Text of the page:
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Posted By: Geo55 Remflex manifold gasket - Fri Mar 27 2020 07:52 PM
After trying 2 different gaskets and sealer with one, I still couldn't eliminate the spitting sound and stumble at idle I got with an exhaust leak between the head and intake/exhaust manifold. Decided to try one more time and use a Remflex gasket this time. I did notice that the gasket surfaces on the head were pitted badly in spots. Can anyone advise me on whether I should use any kind of sealer on this gasket? 53 Chevy truck with 216 George
Posted By: Hotrod Lincoln Re: Remflex manifold gasket - Fri Mar 27 2020 08:35 PM
In 60+ years of doing professional mechanic work, I've never been able to find a sealer that will stand up to exhaust gas temperature. Now, in about 3-2-1 seconds, somebody who has read three copies of Hot Rod Magazine and found at least five internet references will tell you I don't know what I'm talking about. It's up to you to choose who to believe. The only cure for pitted gasket surfaces is a milling machine and a fly cutter.
Jerry
Posted By: brokenhead Re: Remflex manifold gasket - Sat Mar 28 2020 10:48 PM
I agree with Jerry, but if you were to get a gasket to take up the pitting it would be the remflex, however no guarantees.
Posted By: klhansen Re: Remflex manifold gasket - Sat Mar 28 2020 11:53 PM
Weren't exhaust manifold gaskets back in the old days made out of asbestos? (OMG, did I actually say that word? eeeek)
They probably had enough resiliency to seal without any sealant, which like Jerry says, can't stand the heat. Even JB weld won't work above about 250F.
Posted By: tclederman Re: Remflex manifold gasket - Sun Mar 29 2020 12:54 AM
J-B Weld can withstand a constant temperature of 500 °F (260 °C), [en.wikipedia.org] and the maximum temperature threshold is approximately 600 °F (316 °C) for 10 minutes.[9]
Posted By: klhansen Re: Remflex manifold gasket - Sun Mar 29 2020 01:27 AM
Originally Posted by tclederman
J-B Weld can withstand a constant temperature of 500 °F (260 °C), [en.wikipedia.org] and the maximum temperature threshold is approximately 600 °F (316 °C) for 10 minutes.[9]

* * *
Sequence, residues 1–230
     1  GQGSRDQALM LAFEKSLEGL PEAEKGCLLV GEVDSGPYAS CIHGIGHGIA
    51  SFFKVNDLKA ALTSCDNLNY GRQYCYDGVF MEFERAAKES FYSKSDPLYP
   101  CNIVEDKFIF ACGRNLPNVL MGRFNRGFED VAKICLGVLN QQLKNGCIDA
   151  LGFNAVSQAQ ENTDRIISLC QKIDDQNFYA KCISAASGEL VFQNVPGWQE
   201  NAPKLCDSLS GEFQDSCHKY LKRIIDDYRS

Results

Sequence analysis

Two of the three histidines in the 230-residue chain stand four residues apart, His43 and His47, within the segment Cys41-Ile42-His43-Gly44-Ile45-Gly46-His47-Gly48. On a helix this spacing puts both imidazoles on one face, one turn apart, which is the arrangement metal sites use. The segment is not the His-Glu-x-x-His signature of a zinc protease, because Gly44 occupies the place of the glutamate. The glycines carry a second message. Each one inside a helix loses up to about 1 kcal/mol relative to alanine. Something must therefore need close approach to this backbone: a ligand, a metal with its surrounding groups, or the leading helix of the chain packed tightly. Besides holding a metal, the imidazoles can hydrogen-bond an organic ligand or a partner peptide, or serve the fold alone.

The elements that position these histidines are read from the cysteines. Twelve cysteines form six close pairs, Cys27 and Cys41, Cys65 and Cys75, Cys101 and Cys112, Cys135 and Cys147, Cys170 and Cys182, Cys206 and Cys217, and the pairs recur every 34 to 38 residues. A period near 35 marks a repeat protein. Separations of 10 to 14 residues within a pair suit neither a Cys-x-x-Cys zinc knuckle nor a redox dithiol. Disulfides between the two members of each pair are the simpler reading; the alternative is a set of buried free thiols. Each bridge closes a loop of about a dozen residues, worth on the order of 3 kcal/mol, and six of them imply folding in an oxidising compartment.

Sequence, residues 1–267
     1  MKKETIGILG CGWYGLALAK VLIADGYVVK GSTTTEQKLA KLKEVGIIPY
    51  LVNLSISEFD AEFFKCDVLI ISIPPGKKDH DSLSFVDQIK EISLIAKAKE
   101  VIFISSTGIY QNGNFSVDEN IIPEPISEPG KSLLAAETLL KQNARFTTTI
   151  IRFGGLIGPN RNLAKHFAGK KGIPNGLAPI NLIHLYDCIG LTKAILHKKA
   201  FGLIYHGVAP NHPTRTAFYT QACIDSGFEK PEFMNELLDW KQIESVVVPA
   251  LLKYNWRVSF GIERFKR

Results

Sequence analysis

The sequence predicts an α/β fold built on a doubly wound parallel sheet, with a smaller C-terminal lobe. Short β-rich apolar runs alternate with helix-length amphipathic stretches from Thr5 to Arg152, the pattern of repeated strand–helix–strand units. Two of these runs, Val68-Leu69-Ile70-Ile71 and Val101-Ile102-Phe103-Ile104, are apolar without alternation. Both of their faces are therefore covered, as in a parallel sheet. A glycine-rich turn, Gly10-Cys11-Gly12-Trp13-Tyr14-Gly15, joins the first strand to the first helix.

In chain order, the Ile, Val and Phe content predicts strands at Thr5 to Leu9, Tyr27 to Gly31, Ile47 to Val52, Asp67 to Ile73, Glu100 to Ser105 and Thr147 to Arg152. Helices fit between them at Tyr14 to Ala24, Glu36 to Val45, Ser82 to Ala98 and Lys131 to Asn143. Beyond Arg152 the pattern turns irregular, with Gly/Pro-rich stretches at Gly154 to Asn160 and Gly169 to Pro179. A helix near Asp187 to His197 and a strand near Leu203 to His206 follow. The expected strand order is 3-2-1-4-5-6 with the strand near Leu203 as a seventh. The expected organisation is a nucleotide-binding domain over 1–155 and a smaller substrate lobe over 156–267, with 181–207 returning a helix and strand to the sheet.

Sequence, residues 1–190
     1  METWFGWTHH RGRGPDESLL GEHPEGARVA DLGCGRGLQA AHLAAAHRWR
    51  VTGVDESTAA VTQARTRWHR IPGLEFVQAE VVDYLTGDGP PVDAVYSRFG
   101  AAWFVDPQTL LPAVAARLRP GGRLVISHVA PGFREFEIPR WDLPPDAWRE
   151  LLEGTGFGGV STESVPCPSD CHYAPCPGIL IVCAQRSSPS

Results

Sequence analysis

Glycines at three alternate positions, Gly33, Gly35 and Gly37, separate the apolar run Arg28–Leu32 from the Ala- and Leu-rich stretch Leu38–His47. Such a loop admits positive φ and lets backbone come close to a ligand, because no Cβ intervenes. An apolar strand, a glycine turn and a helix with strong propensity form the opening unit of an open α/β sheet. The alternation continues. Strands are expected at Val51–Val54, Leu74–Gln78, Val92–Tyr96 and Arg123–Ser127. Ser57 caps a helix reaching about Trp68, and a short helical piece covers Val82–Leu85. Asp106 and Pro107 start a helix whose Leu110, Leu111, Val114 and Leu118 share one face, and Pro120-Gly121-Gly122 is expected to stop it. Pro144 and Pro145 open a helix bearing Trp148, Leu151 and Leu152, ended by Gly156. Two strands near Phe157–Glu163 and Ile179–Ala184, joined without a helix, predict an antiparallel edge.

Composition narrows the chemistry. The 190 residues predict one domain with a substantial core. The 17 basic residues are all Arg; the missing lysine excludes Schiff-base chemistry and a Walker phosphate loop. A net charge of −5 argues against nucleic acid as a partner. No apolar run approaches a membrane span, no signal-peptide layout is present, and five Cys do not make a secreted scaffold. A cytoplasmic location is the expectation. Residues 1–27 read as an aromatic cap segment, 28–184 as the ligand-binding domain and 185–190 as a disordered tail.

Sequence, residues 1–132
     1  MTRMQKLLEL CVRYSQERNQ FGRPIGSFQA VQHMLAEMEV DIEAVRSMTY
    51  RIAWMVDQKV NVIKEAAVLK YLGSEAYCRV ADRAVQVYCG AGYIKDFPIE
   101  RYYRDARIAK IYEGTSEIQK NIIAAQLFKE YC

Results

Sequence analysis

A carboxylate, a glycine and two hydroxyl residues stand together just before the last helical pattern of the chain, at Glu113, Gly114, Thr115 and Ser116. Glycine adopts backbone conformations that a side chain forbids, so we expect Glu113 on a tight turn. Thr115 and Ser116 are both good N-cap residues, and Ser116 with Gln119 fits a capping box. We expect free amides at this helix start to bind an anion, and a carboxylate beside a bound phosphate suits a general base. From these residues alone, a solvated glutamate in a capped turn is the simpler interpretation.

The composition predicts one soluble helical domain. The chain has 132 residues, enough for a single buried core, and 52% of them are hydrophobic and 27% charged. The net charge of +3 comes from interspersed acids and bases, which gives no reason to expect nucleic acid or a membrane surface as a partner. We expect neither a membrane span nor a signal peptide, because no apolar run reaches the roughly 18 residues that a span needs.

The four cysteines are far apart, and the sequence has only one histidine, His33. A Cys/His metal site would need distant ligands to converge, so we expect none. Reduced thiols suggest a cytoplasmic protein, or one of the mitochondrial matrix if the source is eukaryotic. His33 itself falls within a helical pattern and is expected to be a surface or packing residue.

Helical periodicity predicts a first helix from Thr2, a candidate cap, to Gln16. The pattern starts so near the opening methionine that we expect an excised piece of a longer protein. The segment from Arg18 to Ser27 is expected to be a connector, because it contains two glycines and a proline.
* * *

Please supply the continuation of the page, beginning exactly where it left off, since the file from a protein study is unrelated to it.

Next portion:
OK, but still not high enough for exhaust temps. ohwell

From J-B Weld's Site [jbweld.com]

Will J-B Weld work on an automotive exhaust?

Because of the extreme temperatures of exhaust systems, we do not recommend J-B Weld for use on exhaust manifolds and catalytic converters. Nor do we recommend the product for repairs within the combustion chamber. However, in areas where the continuous temperature is less than 450º F, we do recommend our HighHeat epoxy putty stick.
Posted By: Hotrod Lincoln Re: Remflex manifold gasket - Sun Mar 29 2020 01:29 AM
I've seen exhaust port temperatures in the neighborhood of 2000 degrees F. on dyno runs of race engines at full throttle. The headers were translucent enough we could flames dancing arouind inside the pipes!
Jerry
Posted By: tclederman Re: Remflex manifold gasket - Sun Mar 29 2020 01:33 AM
The is the Engine Shop not the HiPo Shop.

Would normal Stovebolt engines have those 2000 degrees temperatures?
Posted By: klhansen Re: Remflex manifold gasket - Sun Mar 29 2020 01:36 AM
Originally Posted by tclederman
The is the Engine Shop not the HiPo Shop.

Would normal Stovebolt engines have those 2000 degrees temperatures?
Probably would on heavy load. My Diesel runs around 300F at idle, and will hit 1200F. The pyrometer is at the outlet of the exhaust manifold. Gas engines typically run hotter than diesels. We had a Model A exhaust manifold cherry red once when the timing was too retarded.
Posted By: Hotrod Lincoln Re: Remflex manifold gasket - Sun Mar 29 2020 01:48 AM
Watch the exhaust manifolds on a 454 Chevy engine in a motorhome on a long uphill pull. They get red hot, and those are cast iron, not thinwall steel tubing. That's well over 1000 degrees, probably closer to 1500. I've made several test runs with different motorhomes with the engine cover off, trying to diagnose detonation noises that were causing cracked spark plug insulators and burned valves. A stovebolt engine will probably do something similar pulling a hill at close to maximum gross weight. A Cowboy Cadillac that never does anything more stressful than hauling an iced-down Yeti cooler full of beer to a tailgate party, not so much!
Jerry
Posted By: tclederman Re: Remflex manifold gasket - Sun Mar 29 2020 02:28 AM